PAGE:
An overview of helmet materials.

Think back to humans first realizing that protecting the head might be a worthwhile effort and imagine what they might have used. It’s hard to imagine all of the possibilities. Over the ages, a lot of materials have likely been considered or even tried that we may not know about. While we may not be able to cover every helmet material that’s ever been tried, we’ve put together this list of the most common and relevant materials over time. With information on their strengths, weaknesses and modern relevance. All for your consideration.


Acrylonitrile Butadiene Styrene (ABS)

Acrylonitrile butadiene styrene (ABS) is a thermoplastic widely used to construct the outer shells of some helmet.

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Air (Bladders)

Air-filled bladders have been used in helmet liners (particularly football helmets) since the 1970s.

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Composites

Lightweight and strong, composite materials—often a combination of epoxy reinforced by carbon, glass or Kevlar fibers—are used to fabricate high-end helmet shells.

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Cork

Cork is the bark tissue harvested from the bark of cork oak trees. Cork, like pith, was a precursor to the crushable foams used in helmet liners today.

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metal

Corrugated Fiber Board

Similar to the material used to create cardboard shipping containers, corrugated fiber- board has been used (in a few cases) to create a crushable helmet liner.

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wood

E-PLA (Expanded Polyactic Acid)

Expanded polyactic acid (or “E-PLA”) is a crushable foam that can be used in helmet liners. It functions similarly to EPS, but whereas EPS is a petroleum-based product, E-PLA is plant-based.

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Expanded Polypropylene (EPP)

Expanded polypropylene (EPP) is a resilient foam that can regain its shape following an impact. It can be found in some helmets that are labeled as “multi-impact”, though this label can be misleading since no helmet can guarantee the same degree of impact protection when repeatedly impacted at the same location.

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Expanded Polystyrene (EPS)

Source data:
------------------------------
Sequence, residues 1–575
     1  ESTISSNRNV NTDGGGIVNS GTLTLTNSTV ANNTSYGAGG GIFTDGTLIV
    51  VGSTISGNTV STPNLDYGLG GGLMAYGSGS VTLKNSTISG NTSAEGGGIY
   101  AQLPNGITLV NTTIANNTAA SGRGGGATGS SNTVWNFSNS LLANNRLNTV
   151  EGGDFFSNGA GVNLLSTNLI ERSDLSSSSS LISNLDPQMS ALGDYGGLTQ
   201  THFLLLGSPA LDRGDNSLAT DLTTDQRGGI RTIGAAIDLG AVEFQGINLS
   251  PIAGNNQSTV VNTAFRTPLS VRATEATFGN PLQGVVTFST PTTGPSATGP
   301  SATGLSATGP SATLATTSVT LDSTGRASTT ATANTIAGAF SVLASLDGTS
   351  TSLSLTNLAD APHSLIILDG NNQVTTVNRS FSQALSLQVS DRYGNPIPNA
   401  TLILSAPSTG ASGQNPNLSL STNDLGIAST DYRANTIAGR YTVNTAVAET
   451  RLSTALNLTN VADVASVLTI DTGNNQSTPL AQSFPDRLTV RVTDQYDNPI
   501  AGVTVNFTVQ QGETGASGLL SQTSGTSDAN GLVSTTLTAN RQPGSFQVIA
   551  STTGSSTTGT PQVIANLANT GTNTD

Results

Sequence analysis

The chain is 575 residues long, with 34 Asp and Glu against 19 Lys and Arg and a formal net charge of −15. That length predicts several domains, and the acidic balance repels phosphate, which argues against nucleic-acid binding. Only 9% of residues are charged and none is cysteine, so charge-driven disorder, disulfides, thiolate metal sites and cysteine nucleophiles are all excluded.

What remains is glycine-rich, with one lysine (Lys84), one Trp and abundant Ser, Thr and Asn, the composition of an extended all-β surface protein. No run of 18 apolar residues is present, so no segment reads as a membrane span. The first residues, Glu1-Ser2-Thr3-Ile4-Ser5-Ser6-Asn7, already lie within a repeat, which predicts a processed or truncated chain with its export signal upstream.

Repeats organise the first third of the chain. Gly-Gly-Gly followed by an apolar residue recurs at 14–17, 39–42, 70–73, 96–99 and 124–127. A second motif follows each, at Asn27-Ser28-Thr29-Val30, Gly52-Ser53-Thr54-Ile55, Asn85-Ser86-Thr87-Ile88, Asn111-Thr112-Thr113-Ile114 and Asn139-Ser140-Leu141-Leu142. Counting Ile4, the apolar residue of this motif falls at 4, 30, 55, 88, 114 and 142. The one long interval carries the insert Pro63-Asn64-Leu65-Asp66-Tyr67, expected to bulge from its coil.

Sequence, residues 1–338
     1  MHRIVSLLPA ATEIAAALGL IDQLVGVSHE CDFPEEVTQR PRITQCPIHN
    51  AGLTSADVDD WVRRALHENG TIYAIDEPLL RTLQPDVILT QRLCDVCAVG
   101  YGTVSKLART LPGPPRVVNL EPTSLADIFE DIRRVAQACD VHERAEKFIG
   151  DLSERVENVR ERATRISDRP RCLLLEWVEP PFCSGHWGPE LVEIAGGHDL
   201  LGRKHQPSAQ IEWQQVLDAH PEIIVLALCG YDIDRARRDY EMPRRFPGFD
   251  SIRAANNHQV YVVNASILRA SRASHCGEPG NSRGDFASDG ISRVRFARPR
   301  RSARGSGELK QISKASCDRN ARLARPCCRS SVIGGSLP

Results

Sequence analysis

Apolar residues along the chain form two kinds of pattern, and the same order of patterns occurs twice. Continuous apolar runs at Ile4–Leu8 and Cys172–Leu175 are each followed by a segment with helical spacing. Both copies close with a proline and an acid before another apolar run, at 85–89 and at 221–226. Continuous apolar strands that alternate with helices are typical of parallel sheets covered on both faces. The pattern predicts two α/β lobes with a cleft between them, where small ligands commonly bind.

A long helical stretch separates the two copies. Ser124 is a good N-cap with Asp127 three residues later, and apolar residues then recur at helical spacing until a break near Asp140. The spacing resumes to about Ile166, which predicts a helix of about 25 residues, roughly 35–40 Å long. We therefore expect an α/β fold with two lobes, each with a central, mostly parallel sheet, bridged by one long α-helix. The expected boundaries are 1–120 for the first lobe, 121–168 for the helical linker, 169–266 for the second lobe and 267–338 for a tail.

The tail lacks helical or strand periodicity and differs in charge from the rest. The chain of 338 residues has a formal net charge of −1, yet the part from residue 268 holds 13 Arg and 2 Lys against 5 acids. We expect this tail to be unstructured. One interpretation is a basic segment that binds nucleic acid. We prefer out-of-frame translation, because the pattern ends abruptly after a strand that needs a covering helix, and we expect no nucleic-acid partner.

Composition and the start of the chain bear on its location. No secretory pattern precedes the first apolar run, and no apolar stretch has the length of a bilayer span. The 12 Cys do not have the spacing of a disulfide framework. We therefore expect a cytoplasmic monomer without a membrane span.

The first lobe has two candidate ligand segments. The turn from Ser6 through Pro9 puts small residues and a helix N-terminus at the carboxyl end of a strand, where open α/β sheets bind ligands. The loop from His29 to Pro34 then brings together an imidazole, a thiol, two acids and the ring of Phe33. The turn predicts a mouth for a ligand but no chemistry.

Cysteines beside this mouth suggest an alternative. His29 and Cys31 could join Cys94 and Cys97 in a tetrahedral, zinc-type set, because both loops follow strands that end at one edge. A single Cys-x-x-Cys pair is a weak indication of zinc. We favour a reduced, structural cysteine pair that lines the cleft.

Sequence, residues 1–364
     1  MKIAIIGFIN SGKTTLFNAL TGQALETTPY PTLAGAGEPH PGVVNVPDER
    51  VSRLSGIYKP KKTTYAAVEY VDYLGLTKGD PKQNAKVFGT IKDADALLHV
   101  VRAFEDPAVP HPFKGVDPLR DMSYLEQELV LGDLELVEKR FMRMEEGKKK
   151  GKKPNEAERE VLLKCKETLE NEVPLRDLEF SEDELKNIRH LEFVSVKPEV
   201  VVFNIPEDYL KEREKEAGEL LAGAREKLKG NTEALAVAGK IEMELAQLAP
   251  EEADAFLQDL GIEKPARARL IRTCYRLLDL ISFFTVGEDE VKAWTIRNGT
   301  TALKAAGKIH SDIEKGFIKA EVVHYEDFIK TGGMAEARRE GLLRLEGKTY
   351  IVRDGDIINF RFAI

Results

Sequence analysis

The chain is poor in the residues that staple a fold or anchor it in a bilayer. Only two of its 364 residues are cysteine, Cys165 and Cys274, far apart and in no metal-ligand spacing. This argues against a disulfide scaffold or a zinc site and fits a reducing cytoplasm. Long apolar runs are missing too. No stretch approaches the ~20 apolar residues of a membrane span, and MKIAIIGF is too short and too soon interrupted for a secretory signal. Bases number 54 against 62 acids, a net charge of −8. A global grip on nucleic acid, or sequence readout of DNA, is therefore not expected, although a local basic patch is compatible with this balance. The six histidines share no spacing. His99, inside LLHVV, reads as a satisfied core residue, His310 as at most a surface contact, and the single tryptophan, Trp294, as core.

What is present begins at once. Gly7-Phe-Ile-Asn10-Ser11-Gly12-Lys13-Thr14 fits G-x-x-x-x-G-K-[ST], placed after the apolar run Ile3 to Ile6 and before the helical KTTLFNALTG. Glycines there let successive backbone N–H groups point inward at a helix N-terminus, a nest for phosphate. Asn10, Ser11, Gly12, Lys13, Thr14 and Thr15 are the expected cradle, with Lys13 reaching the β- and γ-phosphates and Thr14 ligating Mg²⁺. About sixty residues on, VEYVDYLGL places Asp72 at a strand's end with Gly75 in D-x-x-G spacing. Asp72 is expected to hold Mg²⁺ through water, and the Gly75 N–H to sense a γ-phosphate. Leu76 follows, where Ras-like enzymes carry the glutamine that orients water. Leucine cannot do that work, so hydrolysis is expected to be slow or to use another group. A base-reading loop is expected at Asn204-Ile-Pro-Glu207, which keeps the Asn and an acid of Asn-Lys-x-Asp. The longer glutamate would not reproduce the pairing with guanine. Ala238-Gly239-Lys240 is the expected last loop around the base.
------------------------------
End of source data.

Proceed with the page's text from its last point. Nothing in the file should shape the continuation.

Expanded polystyrene (EPS) is a crushable foam used in helmet liners. Cost effective, lightweight and very good at reducing impact energy, EPS is found in many helmets.

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Koroyd™

Koroyd™ is a material composed of co-polymer tubes that are thermowelded together into a single mass. The material can be shaped into helmet liners, where it helps manage impact energy.

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Leather

Used as a sort of second skin, leather was incorporated in helmet shells for millenia.

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leather

Metal

Metals have been used extensively in helmets for about five thousand years and were still in active use (in military applications), well into the 20th century.

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metal

Pith

Pith is a crushable material harvested from the stems of vascular plans. It was utilized as a helmet liner material from the 1800’s through to about 1940.

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Polycarbonate

Polycarbonate, like ABS, is a thermoplastic widely used to construct helmet shells.

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Vinyl Nitrile

Vinyl nitrile is a resilient foam that can be used as a liner material in helmets designed to withstand more than a single impact.

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Zorbium®

Zorbium is said to attenuate energy from both low and high-energy impacts. It is also said to provide multi-impact protection.

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